Acer saccharinum L.

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Credits

Dan Crowley (2024)

Recommended citation
Crowley, D. (2024), 'Acer saccharinum' from the website Trees and Shrubs Online (treesandshrubsonline.org/articles/acer/acer-saccharinum/). Accessed 2024-06-18.

Genus

Common Names

  • Creek Maple
  • River Maple
  • Silver Maple
  • Soft Maple
  • Swamp Maple
  • Water Maple
  • White Maple

Synonyms

  • Acer dasycarpum Ehrh.
  • Acer eriocarpum Michx.
  • Acer saccharinum f. laciniatum (Carr.) Rehd.
  • Argentacer saccharinum (L.) Small
  • Saccharodendron saccharinum (L.) Nieuwl.
  • Sacchrosphendamnus saccharinus (L.) Nieuwl.

Other taxa in genus

Glossary

section
(sect.) Subdivision of a genus.
hybrid
Plant originating from the cross-fertilisation of genetically distinct individuals (e.g. two species or two subspecies).
included
(botanical) Contained within another part or organ.

Credits

Dan Crowley (2024)

Recommended citation
Crowley, D. (2024), 'Acer saccharinum' from the website Trees and Shrubs Online (treesandshrubsonline.org/articles/acer/acer-saccharinum/). Accessed 2024-06-18.

A deciduous tree to 30(–35) m tall. Bark grey, smooth, fissuring longitudinally with age, sometimes forming scales. Branchlets glabrous, greenish, turning reddish brown. Buds ovoid, red, with three to seven pairs of scales, ciliate. Leaves pentagonal in outline, base cordate to truncate, deeply five lobed, 14–20 × 10–18 cm, sinuses narrow, lobes apically acuminate, margins irregularly double serrate, upper surface bright green, lower surface glaucous; petiole 4–10 cm long, green or reddish, glabrous, often grooved, broadest at base; autumn colours usually yellow. Inflorescence axillary, corymbose, densely flowered. Flowers greenish to pinkish red, usually dioecious, pedicels short, sepals four to five, long and narrow in male flowers, short and stout in female flowers, petals absent, ovary pubescent, stamens five to eight. Samaras 3–7.5 cm long, on slender pedicels, wings spreading obtusely or at right angles. Nutlets rounded. Flowering January to February, before leaves, fruiting in April to May. (Sargent 1965; Elias 1980; van Gelderen et al. 1994; Rushforth 1999).

Distribution  Canada New Brunswick, Ontario, Québec United States Arkansas, Alabama, Connecticut, Florida, Georgia, Illinois, Iowa, Indiana, Kansas, Kentucky, Maine, Maryland, Massachusetts, Michigan, Minnesota, Mississippi, Missouri, Nebraska, New Hampshire, New York, North Carolina, Ohio, Oklahoma, Louisiana, Pennsylvania, South Carolina, South Dakota, Tennessee, Vermont, Virginia, West Virginia, Wisconsin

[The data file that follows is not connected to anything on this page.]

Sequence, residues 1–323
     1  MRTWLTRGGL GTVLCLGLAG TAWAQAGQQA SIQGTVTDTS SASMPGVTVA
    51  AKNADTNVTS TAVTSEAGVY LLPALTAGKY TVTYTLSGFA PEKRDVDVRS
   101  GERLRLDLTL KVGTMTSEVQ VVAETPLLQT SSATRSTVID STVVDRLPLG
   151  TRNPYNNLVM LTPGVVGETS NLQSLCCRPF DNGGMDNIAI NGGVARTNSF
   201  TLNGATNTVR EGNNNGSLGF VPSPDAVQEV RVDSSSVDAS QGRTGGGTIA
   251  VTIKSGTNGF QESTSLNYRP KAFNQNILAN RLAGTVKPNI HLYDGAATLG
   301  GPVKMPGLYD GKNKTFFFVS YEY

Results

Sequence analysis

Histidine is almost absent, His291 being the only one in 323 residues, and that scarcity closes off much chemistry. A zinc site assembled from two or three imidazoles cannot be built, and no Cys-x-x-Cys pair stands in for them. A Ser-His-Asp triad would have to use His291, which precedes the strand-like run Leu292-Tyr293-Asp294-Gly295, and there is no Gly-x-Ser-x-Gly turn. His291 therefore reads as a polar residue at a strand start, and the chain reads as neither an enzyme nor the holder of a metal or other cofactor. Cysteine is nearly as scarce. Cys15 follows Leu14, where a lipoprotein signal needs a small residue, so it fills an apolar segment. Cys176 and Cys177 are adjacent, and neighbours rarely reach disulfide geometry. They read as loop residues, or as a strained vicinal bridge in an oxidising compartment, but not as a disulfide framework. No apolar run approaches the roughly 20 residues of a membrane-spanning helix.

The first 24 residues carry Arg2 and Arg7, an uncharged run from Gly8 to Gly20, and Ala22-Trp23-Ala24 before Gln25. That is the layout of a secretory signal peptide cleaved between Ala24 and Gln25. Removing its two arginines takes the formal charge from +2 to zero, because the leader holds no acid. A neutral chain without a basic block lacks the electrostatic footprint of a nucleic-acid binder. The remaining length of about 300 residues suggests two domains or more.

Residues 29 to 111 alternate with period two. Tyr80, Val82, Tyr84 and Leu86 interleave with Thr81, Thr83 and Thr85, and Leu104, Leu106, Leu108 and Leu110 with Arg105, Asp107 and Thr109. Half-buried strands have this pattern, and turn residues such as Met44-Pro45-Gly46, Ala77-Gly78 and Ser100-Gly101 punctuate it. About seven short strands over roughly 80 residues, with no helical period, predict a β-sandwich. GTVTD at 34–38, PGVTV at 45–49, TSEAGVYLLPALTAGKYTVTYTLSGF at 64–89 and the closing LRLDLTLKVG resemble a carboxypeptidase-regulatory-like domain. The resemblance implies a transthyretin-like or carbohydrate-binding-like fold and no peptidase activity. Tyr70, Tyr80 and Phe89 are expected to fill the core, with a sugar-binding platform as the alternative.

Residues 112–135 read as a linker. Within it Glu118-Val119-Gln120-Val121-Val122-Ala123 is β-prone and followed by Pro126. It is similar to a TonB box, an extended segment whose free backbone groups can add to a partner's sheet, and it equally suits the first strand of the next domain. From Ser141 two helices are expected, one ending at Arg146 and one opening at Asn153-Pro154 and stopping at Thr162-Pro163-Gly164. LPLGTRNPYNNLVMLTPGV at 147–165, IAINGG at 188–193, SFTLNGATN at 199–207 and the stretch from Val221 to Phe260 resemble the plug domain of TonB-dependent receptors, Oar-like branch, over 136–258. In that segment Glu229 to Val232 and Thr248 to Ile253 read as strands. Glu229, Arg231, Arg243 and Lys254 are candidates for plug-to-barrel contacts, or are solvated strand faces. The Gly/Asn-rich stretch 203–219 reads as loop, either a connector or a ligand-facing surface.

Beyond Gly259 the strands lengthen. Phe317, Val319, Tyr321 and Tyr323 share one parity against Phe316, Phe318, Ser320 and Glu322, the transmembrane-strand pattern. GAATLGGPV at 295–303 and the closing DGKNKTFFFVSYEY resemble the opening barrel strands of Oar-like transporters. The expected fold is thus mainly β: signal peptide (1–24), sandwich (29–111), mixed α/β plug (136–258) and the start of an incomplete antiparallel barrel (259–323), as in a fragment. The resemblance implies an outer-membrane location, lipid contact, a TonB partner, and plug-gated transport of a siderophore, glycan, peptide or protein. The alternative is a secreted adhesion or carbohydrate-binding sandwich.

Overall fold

Habitat Lowlands, in poorly to well drained soils on floodplains and along watercourses. It typically grows in association with several other species including Acer rubrum (with which it hybridises to form A. × freemanii), Betula nigra, Tilia spp. and Ulmus spp.

USDA Hardiness Zone 3-9

RHS Hardiness Rating H7

Conservation status Least concern (LC)

The fastest growing North American maple, Acer saccharinum has gained a reputation as something of a damage-prone liability, its combination of rapid growth, brittle wood and poor crown structure bemoaned by many. Such opinions aren’t entirely unfair, though at its best it makes a graceful tree with sweeping lower branches with ascending tips; its long-petioled leaves twisting in a breeze to reveal their silvery undersides makes for a pleasing scene.

Adapted to floodplains and seasonally wet areas, Acer saccharinum does best in colder climates where winters are sufficiently cool to satisfy the dormancy requirements of the species’s terminal leaf buds. If not fulfilled, these may die and be replaced by lateral buds, growth from which result in V-shaped unions susceptible to damage (Sternberg 2004). Hence, when grown in the right areas and properly managed, A. saccharinum can make a fine specimen, though relatively short-lived.

A member of Section Rubra, the species produces its flowers before the leaves. Held high in the crown, the small, densely set inflorescences are difficult to observe in detail, though viewed en masse are a striking sight. Its fruits form more or less as the leaves emerge, with those that are fertile quick to germinate (van Gelderen, de Jong & Oterdoom 1994).